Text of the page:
Too much grit can also lead to some stomach problems so make sure that you keep your chicken’s diet healthy and diverse. As we said before – baked crushed eggshells can be a sufficient replacement for chicken grit and it is a good idea if you start using this method.

Read More About What To Feed Your Chickens To Get The Best Eggs

6. Hurt Legs

Although it is highly recommended that you let your chickens run as much as possible, it is also highly recommended that you check up on their legs and feet every few days.

If your chickens enjoy running and pecking and they have an open wound the chances are that the wound will get infected. And it is never good when wounds get infected because many infections are not curable.

Signs of a broken leg can be if your chicken is crippling or slower than usual.


If your chicken has a wound that is opened a good idea is to wash the wound using a wet and warm towel or washcloth, or just dipping the legs in a mixture of warm water and vinegar before closing the wound with some small bandage.

Warm water and vinegar will help the wound clean better and disinfect it. However, if you notice a broken leg in your chicken it is best that you consult your local vet.

And as we mentioned before, make sure that you check up on your chickens every few days of running.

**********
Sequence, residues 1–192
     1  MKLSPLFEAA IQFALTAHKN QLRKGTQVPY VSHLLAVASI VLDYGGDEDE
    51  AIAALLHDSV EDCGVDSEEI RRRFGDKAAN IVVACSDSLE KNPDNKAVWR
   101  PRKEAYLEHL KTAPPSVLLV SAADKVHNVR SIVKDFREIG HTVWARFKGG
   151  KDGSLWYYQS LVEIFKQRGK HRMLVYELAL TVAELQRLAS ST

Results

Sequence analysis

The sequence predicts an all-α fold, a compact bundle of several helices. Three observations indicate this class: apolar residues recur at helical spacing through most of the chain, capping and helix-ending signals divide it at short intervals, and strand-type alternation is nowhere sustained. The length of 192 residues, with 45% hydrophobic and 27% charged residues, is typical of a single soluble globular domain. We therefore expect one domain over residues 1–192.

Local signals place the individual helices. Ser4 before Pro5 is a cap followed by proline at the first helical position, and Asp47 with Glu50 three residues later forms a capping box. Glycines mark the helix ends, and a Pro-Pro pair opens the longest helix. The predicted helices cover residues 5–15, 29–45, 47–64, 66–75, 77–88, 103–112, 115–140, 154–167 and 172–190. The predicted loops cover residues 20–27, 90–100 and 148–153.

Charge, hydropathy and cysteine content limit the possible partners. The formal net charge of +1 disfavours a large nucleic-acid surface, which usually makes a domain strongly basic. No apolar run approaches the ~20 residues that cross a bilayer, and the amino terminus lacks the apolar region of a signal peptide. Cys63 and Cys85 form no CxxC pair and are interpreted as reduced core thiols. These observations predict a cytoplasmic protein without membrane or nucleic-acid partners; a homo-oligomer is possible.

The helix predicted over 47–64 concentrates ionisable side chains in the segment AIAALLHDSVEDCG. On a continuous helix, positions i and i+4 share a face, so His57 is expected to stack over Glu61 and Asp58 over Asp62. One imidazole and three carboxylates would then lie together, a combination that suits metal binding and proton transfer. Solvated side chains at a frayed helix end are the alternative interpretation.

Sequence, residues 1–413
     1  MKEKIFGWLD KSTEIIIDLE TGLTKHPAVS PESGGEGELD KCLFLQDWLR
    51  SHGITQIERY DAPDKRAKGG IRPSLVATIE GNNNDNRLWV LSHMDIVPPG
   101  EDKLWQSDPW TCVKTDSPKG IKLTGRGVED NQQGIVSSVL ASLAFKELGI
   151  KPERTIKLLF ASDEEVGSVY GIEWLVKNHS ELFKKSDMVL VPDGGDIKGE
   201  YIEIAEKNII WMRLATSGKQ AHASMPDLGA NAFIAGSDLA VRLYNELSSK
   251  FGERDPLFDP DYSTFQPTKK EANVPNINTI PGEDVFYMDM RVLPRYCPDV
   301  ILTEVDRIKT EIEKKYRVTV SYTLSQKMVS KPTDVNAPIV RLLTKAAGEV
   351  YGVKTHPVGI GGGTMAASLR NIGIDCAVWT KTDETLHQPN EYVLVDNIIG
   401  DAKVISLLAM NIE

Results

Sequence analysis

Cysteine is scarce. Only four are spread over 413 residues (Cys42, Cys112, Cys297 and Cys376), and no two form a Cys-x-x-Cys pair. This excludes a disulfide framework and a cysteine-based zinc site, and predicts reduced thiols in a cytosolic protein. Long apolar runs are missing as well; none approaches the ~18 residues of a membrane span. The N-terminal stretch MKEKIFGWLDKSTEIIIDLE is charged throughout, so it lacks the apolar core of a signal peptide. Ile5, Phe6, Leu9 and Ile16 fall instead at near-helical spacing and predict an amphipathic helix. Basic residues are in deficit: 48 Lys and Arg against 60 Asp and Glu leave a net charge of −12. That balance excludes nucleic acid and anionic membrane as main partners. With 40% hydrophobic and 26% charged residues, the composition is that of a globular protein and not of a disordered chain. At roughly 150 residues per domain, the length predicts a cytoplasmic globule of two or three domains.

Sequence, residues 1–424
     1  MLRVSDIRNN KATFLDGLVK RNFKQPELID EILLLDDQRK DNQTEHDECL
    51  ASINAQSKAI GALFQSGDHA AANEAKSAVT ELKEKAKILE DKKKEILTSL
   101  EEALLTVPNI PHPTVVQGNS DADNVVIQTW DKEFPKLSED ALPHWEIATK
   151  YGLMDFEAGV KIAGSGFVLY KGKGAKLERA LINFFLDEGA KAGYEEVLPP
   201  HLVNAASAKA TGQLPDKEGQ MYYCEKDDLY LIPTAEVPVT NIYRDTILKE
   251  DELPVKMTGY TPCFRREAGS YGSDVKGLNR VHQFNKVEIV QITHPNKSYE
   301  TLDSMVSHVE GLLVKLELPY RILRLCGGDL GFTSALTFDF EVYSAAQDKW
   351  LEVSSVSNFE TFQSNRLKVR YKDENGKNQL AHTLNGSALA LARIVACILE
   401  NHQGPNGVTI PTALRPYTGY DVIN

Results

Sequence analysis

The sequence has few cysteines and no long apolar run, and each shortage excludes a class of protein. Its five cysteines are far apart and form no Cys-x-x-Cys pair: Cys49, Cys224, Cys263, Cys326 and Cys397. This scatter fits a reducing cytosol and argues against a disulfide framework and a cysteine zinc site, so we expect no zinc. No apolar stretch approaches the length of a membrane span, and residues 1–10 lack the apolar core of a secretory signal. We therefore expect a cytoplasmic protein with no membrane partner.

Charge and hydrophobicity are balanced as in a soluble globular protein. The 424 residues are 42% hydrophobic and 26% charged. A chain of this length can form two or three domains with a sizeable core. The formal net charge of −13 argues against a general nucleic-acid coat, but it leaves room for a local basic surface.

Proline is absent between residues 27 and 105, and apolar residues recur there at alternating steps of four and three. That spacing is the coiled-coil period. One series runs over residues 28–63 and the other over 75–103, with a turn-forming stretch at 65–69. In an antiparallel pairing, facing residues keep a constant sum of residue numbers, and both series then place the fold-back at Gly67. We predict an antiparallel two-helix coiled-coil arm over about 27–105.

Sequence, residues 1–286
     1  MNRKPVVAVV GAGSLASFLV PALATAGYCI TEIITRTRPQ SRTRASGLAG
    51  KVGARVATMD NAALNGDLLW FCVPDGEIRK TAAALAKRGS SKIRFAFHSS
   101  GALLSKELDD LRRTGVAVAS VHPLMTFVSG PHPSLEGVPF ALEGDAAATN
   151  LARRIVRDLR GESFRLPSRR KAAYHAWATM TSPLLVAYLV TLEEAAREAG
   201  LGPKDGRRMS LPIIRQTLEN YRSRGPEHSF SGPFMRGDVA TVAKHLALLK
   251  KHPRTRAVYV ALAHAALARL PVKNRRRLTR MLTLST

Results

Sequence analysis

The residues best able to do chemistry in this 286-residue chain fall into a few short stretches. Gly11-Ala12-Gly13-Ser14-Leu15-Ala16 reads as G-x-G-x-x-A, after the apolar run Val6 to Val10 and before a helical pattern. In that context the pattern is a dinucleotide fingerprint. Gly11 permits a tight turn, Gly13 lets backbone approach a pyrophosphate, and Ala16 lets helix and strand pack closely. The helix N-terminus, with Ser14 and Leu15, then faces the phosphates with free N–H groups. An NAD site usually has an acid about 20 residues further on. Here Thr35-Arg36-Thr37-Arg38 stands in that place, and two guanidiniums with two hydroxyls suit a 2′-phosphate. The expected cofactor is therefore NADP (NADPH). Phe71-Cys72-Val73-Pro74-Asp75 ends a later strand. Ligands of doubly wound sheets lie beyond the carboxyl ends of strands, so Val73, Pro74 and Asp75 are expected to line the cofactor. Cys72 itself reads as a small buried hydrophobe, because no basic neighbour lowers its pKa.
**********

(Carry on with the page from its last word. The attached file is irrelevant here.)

7. Prolapse

Prolapse is the most disgusting health problem on this list next to cannibalism.

Prolapse can happen before the process of molting or when the hen gets older.

So, Prolapse can be caused when the hen is laying larger eggs and that causes the oviduct to stretch.

Egg abnormalities cause problems with hens that are passing them. The result of the oviduct stretching and the hen trying to pass the egg may be the oviduct going out with the egg.


Calling your local vet to stitch up the oviduct may not be the permanent solution because it is very likely that when the hen starts laying again the stitches will break.

Many chicken keepers use the procedure of separating the hen in prolapse and using rubber or nylon gloves to put the oviduct back in.

The oviduct will most likely pop back up in the next few minutes so the process is repeated.

However, a better solution is calling the vet. To prevent the prolapse from happening make sure that you keep a balanced diet for your chickens and that your chickens get enough sunlight because sunlight holds a crucial part in a hen`s reproductive process.

8. Cramps

Cramps can be often mistaken for hurt legs and novice chicken keepers tend to overreact to this problem.

If there is no wound, when you stretch the legs of your chicken if the chicken does not respond with a sound of great agony ( you`ll know it when you hear it ) it means that the leg is broken. But if the chicken only slowly struggles it means that it is a cramp.